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January 8 COVID-19 update: Tenn. reports 6,369 new cases, 126 new deaths

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Posted at 9:46 AM, Jan 08, 2021
and last updated 2021-01-08 15:34:06-05

NASHVILLE, Tenn. (WTVF) — The Tennessee Department of Health reported 6,369 new COVID-19 cases on Thursday, bringing the total number of cases ever reported to 640,606.

As of January 7, 559,625 Tennesseans are now considered recovered from the virus. Thursday's percent of positive tests is 17.44%.

TDH reported an additional 126 COVID-19 deaths. Hospitals statewide reported 3,249 active COVID-19 patients overnight.

Metro Public Health officials reported 995 new cases of COVID-19 on Friday. The number of available ICU beds in Middle Tennessee remains at 4%.

This brings Davidson County's total number of cases to 74,528. Right now, there are 7,309 active cases and 66,717 are now considered to be recovered/inactive.

No additional confirmed or probable deaths have been reported in the past 24 hours.

As of today, 475 people in Davidson County have died after a confirmed case of COVID-19. Including both confirmed and probable cases, 502 deaths have been attributed to COVID-19.


Metro also released the following data:

New cases per 100,000 people: 89.7
Seven-day percent positive of COVID-19 tests: 21.4

Available Middle Tennessee hospital beds: 11 percent
Available Middle Tennessee ICU beds: 4 percent

The MPHD COVID-19 Hotline received 1,096 calls on Thursday, January 7, 2020.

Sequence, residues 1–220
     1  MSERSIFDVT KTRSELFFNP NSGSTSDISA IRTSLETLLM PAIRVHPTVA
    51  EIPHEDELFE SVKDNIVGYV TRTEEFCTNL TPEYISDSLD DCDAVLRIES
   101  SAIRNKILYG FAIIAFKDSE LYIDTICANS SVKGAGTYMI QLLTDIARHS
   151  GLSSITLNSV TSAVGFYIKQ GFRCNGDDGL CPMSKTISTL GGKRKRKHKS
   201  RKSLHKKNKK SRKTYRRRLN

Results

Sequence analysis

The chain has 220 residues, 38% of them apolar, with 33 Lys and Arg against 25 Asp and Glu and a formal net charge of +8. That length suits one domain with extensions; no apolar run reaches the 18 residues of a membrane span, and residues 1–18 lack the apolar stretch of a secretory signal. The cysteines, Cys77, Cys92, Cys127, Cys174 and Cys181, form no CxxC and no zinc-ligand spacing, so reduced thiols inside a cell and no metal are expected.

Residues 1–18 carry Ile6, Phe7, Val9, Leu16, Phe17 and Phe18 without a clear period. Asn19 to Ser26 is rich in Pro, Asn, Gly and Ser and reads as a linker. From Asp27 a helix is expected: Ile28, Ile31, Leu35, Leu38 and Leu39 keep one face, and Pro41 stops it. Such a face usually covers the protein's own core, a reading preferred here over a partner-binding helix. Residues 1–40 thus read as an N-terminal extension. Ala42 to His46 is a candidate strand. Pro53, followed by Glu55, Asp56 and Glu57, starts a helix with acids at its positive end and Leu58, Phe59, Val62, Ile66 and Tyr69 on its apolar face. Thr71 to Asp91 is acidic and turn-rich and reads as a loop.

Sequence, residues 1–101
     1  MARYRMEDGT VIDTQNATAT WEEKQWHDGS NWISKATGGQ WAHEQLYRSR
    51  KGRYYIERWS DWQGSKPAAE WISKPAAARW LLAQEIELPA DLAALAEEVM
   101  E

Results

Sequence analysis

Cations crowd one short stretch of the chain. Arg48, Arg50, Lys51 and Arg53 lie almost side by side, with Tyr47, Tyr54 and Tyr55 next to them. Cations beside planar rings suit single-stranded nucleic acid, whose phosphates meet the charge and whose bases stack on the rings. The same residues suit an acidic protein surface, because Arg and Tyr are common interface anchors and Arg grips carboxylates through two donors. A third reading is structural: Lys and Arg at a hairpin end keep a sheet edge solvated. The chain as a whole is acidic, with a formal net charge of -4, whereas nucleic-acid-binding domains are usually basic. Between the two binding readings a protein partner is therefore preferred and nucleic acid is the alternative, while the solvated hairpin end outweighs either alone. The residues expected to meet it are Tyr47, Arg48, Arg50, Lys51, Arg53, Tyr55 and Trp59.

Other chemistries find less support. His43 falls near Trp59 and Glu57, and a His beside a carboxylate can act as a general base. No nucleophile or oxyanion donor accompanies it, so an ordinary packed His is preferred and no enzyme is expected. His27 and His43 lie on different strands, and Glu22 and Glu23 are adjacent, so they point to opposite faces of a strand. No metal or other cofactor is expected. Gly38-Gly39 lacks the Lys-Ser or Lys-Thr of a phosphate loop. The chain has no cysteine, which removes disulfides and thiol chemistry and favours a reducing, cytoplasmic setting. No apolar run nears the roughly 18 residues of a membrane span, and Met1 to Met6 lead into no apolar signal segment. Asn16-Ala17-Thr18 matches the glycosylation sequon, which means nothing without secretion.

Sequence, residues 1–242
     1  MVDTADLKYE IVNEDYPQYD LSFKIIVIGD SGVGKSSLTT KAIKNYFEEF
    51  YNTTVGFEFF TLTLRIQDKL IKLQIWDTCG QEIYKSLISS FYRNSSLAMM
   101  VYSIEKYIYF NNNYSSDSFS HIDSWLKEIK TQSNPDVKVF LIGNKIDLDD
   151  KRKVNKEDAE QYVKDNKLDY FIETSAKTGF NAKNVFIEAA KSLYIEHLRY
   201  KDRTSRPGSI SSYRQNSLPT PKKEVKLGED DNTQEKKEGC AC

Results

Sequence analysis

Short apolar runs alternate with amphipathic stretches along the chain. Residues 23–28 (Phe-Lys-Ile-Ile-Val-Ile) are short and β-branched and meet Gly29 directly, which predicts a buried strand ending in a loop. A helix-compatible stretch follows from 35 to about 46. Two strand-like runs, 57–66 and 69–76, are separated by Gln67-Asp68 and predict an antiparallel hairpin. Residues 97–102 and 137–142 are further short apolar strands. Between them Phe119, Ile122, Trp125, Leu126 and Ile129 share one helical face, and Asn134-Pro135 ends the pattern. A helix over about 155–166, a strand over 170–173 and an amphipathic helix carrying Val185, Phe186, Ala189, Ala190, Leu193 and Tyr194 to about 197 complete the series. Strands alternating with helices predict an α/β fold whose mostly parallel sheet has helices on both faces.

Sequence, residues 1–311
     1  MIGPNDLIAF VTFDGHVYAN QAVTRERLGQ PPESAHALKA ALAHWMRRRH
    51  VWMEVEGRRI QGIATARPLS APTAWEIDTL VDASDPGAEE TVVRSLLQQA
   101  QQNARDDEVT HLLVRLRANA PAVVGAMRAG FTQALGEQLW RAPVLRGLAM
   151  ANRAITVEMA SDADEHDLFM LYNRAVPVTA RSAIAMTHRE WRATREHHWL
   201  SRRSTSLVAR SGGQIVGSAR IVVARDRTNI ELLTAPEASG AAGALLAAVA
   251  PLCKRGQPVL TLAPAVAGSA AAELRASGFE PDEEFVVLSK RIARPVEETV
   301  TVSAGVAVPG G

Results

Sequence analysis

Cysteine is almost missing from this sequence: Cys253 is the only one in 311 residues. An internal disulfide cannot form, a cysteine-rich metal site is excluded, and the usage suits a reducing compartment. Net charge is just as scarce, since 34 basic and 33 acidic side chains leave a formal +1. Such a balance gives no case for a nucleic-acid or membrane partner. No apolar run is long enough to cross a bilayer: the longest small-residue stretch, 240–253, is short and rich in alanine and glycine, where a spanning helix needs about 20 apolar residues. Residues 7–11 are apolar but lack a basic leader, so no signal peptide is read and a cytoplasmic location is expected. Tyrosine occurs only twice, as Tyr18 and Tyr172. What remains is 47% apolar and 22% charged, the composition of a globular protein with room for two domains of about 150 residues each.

Total number of cases: 74,528
Cases reported in the past 24 hours: 995

Cases by sex
Male: 35,295
Female: 38,533
Unknown: 700

Cases by age

Unknown118
0-103,443
11-207,489
21-3021,162
31-4014,627
41-509,903
51-608,234
61-705,351
71-802,649
81+1,552
Total74,528
Inactive/Recovered66,717
Deaths502
Total active cases7,309


MORE TENNESSEE COVID-19 COVERAGE

See all our coronavirus coverage here

COUNTY-BY-COUNTY CASES IN TENNESSEE

What is COVID-19 (a.k.a. the new coronavirus?)

According to the World Health Organization, coronaviruses (CoV) are a large family of viruses that cause illness ranging from the common cold to more severe diseases. Examples include the Middle East Respiratory Syndrome (MERS-CoV) and Severe Acute Respiratory Syndrome (SARS-CoV). A novel coronavirus (nCoV) is a new strain that has not been previously identified in humans. COVID-19 stands for "Coronavirus disease 2019," which is when this strain of the coronavirus was discovered.

What are the symptoms?

The CDC says patients confirmed to have the 2019-nCoV reportedly had mild to severe respiratory illness with:

  • Cough
  • Shortness of breath or difficulty breathing

Or at least two of the following symptoms:

  • Fever
  • Chills
  • Repeated shaking with chills
  • Muscle pain
  • Headache
  • Sore throat
  • New loss of taste or smell

At this time, the CDC believes symptoms could appear as soon as two days after exposure, or as long as 14 days.

Prevention

The CDC is recommending "common sense" measures such as:

  • Wash your hands often with soap and water for at least 20 seconds. If soap and water are not available, use an alcohol-based hand sanitizer.
  • Avoid touching your eyes, nose, and mouth with unwashed hands.
  • Avoid close contact with people who are sick.
  • Stay home when you are sick.
  • Cover your mouth and nose with a cloth face cover when around others.
  • Cover your cough or sneeze with a tissue, then throw the tissue in the trash.
  • Clean and disinfect frequently touched objects and surfaces.